In our own back yard: Genomics conference to attract worldwide audience
By Jonathan Partridge
Contributor, Santa Cruz Tech Beat
February 20, 2015 — Santa Cruz, CA
Most people may know Santa Cruz for its boardwalk and beaches, but it’s gaining a reputation among scientists as the perfect place to forge plans for a genomic zoo.
The Genome 10K Conference will be held March 1 – 5 at the Chaminade Resort, where researchers from around the world will discuss progress on a “zoo” containing computer-generated reproductions of the DNA sequences of 10,000 vertebrate species.
This is the third time the local university has hosted the conference in the past six years. It’s a fitting location, given that UCSC professor David Haussler is one of the cofounders of the Genome 10K project.
“We aim to showcase some of the most exciting advances in genomics, both in terms of technical advances and in advances in our understanding of the evolution of the vertebrate lineage,” said event host Beth Shapiro, a UC Santa Cruz associate professor of ecology and evolutionary biology and principal investigator at UCSC’s Paleogenomics Lab.
Professor Tom Gilbert of the University of Copenhagen will serve as the keynote speaker at this year’s gathering, which is expected to attract about 150 attendees and will feature speakers from a dozen countries. Those include many people who are already involved in the 6-year-old G10K project.
Haussler, scientific director of the UC Santa Cruz Genomics Institute, launched the project with Stephen O’Brien of Russia’s St. Petersburg State University and Oliver Ryder of UC San Diego during the inaugural G10K conference in Santa Cruz in 2009. That meeting included 55 leading scientists representing major zoos, museums, research centers, and universities around the world. Haussler had previously collaborated on the international Human Genome Project, and was part of the team that posted the first publicly available computational assembly of the human genome sequence on the Internet back in 2000.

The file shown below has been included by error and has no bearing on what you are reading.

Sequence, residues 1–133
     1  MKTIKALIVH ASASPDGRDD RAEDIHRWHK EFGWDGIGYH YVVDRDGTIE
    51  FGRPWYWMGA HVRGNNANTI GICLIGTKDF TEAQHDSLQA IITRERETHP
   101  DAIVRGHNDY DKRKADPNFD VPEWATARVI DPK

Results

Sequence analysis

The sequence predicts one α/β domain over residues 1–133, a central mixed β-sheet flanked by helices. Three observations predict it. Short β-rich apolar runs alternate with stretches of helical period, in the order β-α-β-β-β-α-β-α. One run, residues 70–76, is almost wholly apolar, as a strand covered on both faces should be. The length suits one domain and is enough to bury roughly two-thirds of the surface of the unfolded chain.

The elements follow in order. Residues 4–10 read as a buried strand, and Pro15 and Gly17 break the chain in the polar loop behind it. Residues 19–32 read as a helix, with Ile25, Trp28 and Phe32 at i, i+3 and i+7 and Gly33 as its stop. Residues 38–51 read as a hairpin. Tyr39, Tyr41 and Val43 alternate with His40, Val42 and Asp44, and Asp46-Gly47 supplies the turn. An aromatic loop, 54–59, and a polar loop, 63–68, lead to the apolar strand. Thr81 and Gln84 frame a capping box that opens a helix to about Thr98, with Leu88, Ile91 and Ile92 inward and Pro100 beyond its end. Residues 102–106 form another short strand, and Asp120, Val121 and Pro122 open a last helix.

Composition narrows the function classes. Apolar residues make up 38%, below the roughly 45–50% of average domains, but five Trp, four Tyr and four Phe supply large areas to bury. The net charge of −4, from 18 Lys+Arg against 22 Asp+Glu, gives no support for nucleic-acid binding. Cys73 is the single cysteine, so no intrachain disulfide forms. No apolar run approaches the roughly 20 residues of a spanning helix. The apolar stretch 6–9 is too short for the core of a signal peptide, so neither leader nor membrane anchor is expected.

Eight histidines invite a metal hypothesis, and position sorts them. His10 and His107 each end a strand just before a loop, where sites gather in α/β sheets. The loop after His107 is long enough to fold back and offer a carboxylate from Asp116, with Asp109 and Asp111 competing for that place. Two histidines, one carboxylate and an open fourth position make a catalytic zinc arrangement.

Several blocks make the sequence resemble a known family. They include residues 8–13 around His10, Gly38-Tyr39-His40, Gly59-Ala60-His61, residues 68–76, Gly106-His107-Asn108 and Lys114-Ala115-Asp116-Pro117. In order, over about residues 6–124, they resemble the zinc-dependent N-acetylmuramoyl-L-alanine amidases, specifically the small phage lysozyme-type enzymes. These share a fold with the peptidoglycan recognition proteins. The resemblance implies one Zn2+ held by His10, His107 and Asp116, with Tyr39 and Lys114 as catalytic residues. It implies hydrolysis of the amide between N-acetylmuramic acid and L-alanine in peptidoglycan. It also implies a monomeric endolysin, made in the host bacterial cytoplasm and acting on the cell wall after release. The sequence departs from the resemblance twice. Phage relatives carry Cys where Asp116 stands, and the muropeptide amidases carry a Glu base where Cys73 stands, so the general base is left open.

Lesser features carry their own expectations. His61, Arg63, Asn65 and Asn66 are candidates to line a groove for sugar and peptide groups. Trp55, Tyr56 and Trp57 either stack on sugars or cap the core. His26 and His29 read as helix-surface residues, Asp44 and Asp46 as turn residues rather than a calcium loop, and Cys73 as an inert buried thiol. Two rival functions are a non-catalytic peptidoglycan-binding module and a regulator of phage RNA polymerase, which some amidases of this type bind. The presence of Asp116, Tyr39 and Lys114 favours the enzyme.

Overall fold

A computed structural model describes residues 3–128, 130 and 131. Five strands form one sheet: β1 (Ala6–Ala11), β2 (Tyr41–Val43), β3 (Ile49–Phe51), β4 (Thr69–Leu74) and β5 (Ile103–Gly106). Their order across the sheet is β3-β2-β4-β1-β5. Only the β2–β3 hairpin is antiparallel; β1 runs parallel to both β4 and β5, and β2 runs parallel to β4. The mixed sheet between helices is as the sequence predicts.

Similar to that project, G10K is an open and collaborative effort. In fact, one of the most important aspects of the project is that it allows researchers to make their findings public, so they can share that information with others, Shapiro said.
“We believe that genomics data should be curated and held to a high standard and then made available for everyone to study,” she said. “We as an organization were founded on the idea that the most efficient work and therefore the best possible progress can be made when the community works together.”
The project’s findings can help researchers understand how complex animal life evolved through changes in DNA, Shapiro said.
She noted that a few years ago, a research team from the University of Manitoba discovered that a gene that codes for hemoglobin in mammoths is only slightly different from that of Asian elephants. They were able to determine that these small changes made mammoth hemoglobin more efficient than elephant hemoglobin at transporting oxygen around the body at low temperatures, which was clearly more advantageous in the Arctic, Shapiro said.
In addition to the mammoth, other extinct animals slated to be included in the genomic zoo include the passenger pigeon, she said.
Shapiro described progress on the G10K project as “astounding,” attributing much of the development to technological advances in DNA sequencing. Just this week, UCSC announced that investigators at the Genomics Institute have optimized performance of a mobile phone-sized DNA sequencer, which reads individual DNA strands base-by-base as they pass through a nanoscale pore under control of an applied voltage.
G10K also has received tremendous support from Beijing Genomics Institute, which agreed to pay for the sequencing and assembly of the first 100 genomes, Shapiro said.
Conference participants next month will discuss the next series of challenges that need to be tackled to complete the project. Shapiro said she hopes attendees leave with a strong feeling of community that will pave the way for new collaborations – and ultimately, new findings. Researchers still have much to learn, she said.
“… We are still in the very early stages of understanding how those sequences translate into the biodiversity of life on Earth,” Shapiro said. “It is only through careful comparative analysis of hundreds to thousands of genomes that we can begin to make sense of all of this information.”
For information on the G10K Conference: https://genome10k.soe.ucsc.edu/conference_home_2015
For more about The G10K Project, watch this video:
Jonathan Partridge is a freelance writer and online media strategist who loves to share stories about exciting happenings in Santa Cruz County. He can be reached at email@example.com.